Rishi Sunak is entitled to a five-figure Cabinet severance payout after he quit as Chancellor, despite returning as the new Prime Minister.
Sunak is now being paid £159,000 per year as Prime Minister, however he could be paid an additional £16,876 as compensation for leaving the Cabinet in July. A number of other MPs who have returned to Cabinet roles under the new Prime Minister, having left government in the last few months, could also be set to receive severance payments despite now being back in office.
A No 10 spokesperson declined to comment on whether Sunak would accept the payment, or whether he would encourage ministers in his Cabinet to forgo them.
The compensation is for three months’ salary – but several returning ministers have not been out of a job for three months, meaning they stand to earn more having left and come back than they would have if they had remained in their role.
Additionally, several MPs who lost out in Tuesday’s (25 October) reshuffle could receive the “loss of office” payments despite being in their jobs for just over six weeks, having been appointed by Liz Truss.
Senior returning figures including Michael Gove and Dominic Raab would have been entitled to receive payments, while outgoing MP Chloe Smith, Robert Buckland and Wendy Morton will be eligible for the payouts if they are not given new government jobs within the next three weeks.
More than £240,000 in severance could be paid out to senior MPs who either returned to or left government in Sunak’s Cabinet reshuffle on Tuesday.
MPs appointed under Truss could earn more from severance than from their government roles
Ministers are entitled to a “loss of office” severance payout amounting to a quarter of the annual salary for the role if they resign or are sacked from government, on the condition that they do not take on another government role within three weeks. They must also be under the age of 65 when they leave office to be eligible for the payment.
Three MPs – Chloe Smith, Robert Buckland and Ranil Jayawardena – who were appointed by Truss as secretaries of state in September but who will not be part of Sunak’s Cabinet, could receive payouts of almost £17,000 each – more than what they earned in their less than two months on the job.
Vicky Ford and Jake Berry, former senior ministers who attended Cabinet, will also be eligible for the payments, after both were first appointed by Truss last month.
Wendy Morton was appointed Chief Whip by Truss in September and made headlines when she reportedly quit during a tense vote on fracking in Parliament, only to later confirm she had not resigned.
Morton confirmed on Tuesday that she would not be serving in Sunak’s team, and as such could be entitled to a payment worth around £8,000 - equal to three months’ salary for the role she held for around six weeks.
Returning ministers were eligible for three-months payouts despite returning after two months
Additionally, a number of senior Conservatives who left government in recent months, some in protest at Boris Johnson and others who were not kept on by Liz Truss, will have been entitled to receive the payments despite now returning to government.
These include Sunak, who resigned in July and returned to government as Prime Minister, this week. He was entitled to a ‘loss of office’ payment worth around £17,000. When asked by NationalWorld whether Sunak would accept the payment and whether he would encourage ministers in his Cabinet to decline the money, a No 10 spokesperson declined to comment.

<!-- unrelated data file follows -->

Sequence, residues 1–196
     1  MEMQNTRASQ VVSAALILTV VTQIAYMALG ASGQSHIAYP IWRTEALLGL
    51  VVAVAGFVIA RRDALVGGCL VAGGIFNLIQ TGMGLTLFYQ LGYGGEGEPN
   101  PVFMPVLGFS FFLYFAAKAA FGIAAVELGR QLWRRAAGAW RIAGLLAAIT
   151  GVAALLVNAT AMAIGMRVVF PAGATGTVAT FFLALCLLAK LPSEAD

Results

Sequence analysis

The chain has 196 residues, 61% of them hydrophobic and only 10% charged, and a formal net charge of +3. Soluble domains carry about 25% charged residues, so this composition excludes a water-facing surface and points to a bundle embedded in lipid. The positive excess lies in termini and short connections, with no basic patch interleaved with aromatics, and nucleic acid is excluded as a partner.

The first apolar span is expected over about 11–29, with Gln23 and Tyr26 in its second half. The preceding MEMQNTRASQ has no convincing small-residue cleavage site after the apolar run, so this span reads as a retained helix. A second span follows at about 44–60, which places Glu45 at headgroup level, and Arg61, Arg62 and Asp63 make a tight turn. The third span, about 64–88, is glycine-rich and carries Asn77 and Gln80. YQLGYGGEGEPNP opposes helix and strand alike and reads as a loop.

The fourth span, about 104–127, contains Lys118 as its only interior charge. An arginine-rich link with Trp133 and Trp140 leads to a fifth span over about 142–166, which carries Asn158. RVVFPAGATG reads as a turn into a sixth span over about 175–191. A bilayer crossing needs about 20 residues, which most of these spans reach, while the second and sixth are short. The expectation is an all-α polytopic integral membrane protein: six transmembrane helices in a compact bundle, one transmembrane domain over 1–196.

As they were out of government for less than three months, some MPs will have been paid more in total having left office and then returned than they would have if they’d remained in their jobs throughout – if they have opted to take the payments.
- Dominic Raab. Left job as Secretary of State for Justice on 6 September. Reappointed on 25 October
- Steve Barclay. Left job as Secretary of State for Health and Social Care on 6 September. Reappointed on 25 October
- Johnny Mercer. Left job as Minister of State for Veterans’ Affairs on 6 September. Reappointed on 25 October
Barclay (who had held his job for less than three months before leaving in September) and Raab were entitled to payments of around £17,000. Michael Gove was also entitled to £17,000 having left office as Secretary of State for Levelling Up in July, although that was more than three months ago. He was also reappointed yesterday.
Johnny Mercer, who Sunak has brought back into government to reprise a Cabinet-attending ministerial role he was given by Johnson in July after the former PM had announced his intention to step down, could also be entitled to a severance payout despite only holding the role for around two months before leaving and now being back in the same job.
Suella Braverman is returning as Home Secretary after resigning, but would not be entitled to a payout as she resigned less than three weeks ago. Ministers may also choose to opt-out of receiving the payments, as was the case for Michelle Donelan after she resigned as education secretary in July having been in the role for less than two days.
After around 50 MPs resigned from the government in a bid to force Johnson out of Downing Street in July, the makeshift Cabinet put together by Johnson in his bid to cling to power included two MPs who were newly appointed to government, did not remain in place under Truss, and haven’t been brought back into government by Sunak.
Greg Clark and Shailesh Vara served as the levelling up and Northern Ireland secretaries respectively, each for around two months, but would have been eligible to receive severance payments worth around £17,000 each. It is not clear if they took the payments, as severance payouts are detailed in the relevant departments’ annual reports, which are yet to be published.